Babylonian and Assyrian Literature eBook

This eBook from the Gutenberg Project consists of approximately 377 pages of information about Babylonian and Assyrian Literature.
And sweeps the men of Accad with his blade,
Till to his breast a heap of corpses made,
And fiercely urged his men to fight, to die;
And Izdubar, with helmet towering high,
His men has led with fury on the foe,
And massacres each man with one fell blow,
Who dares to stand in front with sword or spear,
And fighting by him stands his valiant seer. 
The gods now rushing from the gleaming sky,
With blazing weapons carry victory;
The foe no longer stand before the sight,
And shouting fly away in wild affright. 
Their monarch turned and slowly rode away;
And Accad’s hosts his men pursue and slay,
Until the forest deep resounds with cries. 
To save himself each man in terror flies.

[Footnote 1:  “Mag-an” or “Mizir,” Egypt, or the famous mines of Africa.]

[Footnote 2:  “Karra! kar-ra!” (cry out) “Hurrah! hurrah!”]



Now the black forest through, the Sar and seer
Sought for their foe, Khumbaba, far and near;
But he had fled when he beheld the gods
In fury rushing from their bright abodes. 
Now from the battle-field the King and seer
The farthest limit of the forest near,
And passing on, the Sar thus to his seer: 
“The gods have filled our foeman’s heart with fear;
He comes not forth to meet us ’neath his walls.” 
But lo! within their sight, far from his halls,
Khumbaba stands beside his steed of snow
Held by his queen, and eyes his coming foe. 
Heabani cries:  “Behold the enemy! 
And with his queen from us disdains to fly!”
And Izdubar turned to Heabani, said: 
“My seer, methought this King from us had fled;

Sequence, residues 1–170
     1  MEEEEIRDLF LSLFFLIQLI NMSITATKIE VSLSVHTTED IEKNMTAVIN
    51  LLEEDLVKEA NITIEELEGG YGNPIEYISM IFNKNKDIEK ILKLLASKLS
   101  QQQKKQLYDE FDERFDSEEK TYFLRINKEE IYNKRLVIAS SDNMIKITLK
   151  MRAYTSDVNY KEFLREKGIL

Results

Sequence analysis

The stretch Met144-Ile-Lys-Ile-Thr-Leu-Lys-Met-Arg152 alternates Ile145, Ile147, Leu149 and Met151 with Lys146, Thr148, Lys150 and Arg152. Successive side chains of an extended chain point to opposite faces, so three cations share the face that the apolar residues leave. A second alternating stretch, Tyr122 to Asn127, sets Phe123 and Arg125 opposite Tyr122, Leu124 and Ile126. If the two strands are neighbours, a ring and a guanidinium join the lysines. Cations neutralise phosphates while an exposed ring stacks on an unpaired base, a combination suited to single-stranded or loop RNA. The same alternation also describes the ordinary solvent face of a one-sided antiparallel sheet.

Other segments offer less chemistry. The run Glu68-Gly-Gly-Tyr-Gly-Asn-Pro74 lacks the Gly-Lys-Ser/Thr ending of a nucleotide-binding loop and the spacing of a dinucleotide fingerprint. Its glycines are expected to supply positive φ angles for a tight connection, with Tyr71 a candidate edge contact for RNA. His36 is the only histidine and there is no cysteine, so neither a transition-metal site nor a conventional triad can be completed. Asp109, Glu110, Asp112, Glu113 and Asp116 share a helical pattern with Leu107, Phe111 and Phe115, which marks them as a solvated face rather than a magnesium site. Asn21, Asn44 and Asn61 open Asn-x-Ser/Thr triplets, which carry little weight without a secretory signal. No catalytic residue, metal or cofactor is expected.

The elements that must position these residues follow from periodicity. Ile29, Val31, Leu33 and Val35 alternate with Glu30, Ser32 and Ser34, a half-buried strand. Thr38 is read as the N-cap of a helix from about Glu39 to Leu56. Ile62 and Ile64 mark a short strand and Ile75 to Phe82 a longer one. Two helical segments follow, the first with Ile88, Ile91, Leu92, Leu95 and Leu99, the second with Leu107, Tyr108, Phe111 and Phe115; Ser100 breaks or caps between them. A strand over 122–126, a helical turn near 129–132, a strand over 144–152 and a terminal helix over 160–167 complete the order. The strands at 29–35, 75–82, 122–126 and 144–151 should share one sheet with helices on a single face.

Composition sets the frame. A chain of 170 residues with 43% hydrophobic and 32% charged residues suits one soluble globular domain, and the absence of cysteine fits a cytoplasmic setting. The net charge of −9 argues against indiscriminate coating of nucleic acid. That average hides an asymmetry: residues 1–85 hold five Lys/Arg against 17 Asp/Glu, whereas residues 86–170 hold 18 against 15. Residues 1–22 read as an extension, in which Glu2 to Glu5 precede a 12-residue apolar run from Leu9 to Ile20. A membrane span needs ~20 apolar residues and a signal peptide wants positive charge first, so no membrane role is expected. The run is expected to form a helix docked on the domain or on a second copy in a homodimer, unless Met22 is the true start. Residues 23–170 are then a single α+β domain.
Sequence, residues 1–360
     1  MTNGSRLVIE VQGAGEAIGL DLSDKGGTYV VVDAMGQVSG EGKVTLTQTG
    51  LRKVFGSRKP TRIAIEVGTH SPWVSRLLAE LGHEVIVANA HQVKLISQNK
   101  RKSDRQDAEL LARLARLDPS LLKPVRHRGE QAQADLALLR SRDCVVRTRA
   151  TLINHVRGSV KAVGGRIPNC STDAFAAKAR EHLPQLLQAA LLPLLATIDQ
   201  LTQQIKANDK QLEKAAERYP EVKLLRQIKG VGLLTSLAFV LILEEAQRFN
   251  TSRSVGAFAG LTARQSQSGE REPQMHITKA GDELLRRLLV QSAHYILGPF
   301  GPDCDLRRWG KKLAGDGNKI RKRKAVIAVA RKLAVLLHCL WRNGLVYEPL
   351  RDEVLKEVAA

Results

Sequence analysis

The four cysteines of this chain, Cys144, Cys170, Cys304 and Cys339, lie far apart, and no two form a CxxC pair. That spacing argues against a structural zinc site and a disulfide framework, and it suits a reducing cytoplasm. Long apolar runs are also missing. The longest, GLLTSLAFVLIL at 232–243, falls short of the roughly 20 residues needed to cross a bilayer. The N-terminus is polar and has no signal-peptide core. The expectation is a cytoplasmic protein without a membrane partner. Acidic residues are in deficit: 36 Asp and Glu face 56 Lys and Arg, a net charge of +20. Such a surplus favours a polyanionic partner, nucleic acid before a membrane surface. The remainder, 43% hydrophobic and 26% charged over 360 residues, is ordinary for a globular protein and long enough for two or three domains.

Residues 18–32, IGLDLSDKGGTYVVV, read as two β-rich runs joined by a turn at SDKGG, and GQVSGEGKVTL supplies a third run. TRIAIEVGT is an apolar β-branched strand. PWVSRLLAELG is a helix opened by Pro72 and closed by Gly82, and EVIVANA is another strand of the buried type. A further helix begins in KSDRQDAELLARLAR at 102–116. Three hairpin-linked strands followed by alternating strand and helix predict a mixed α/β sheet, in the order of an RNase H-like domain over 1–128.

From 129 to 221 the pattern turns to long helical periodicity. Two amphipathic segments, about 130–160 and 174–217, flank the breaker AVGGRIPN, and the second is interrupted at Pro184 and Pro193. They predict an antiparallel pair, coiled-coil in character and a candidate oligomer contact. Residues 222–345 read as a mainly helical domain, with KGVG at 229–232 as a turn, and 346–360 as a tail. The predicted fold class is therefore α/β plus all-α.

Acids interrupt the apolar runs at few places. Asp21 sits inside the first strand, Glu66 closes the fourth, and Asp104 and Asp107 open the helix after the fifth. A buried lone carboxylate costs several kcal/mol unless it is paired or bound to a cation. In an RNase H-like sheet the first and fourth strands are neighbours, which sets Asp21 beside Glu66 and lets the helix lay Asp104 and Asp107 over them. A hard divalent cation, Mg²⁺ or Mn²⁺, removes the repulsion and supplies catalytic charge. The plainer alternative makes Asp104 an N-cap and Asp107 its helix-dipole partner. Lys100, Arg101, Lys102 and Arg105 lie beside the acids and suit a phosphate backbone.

His army slain or scattered from us fly;
But by our hands this monarch here must die.” 
Heabani eyed Khumbaba, nor replied
Before the Queen, who wrung her hands and cried;
And Izdubar continued: 
                       “He, of war,
It seems, doth lack in skill, and from afar
He scents the battle, while his fighting men
Their raids oft make, and here return again;
His castle we may enter without fear,
And thou his queen mayst have who standeth here,
And now we end the reign of Elam’s throne;
So lend thy hand to strike this monarch prone. 
My friend, if I mistake thee not, for war
Thou art prepared, since thou upon the car
Wast wont to ride in former years now gone;
And if he falls, a feast day of the Sun
[1]We will appoint, and may the birds of prey
Surround his carcass on this glorious day: 
But stay! this giant I will slay alone,
Although his weight is many gur-ri[2] stone;
This giant’s form the gods have surely made
An enemy well worthy of my blade.”

Project Gutenberg
Babylonian and Assyrian Literature from Project Gutenberg. Public domain.
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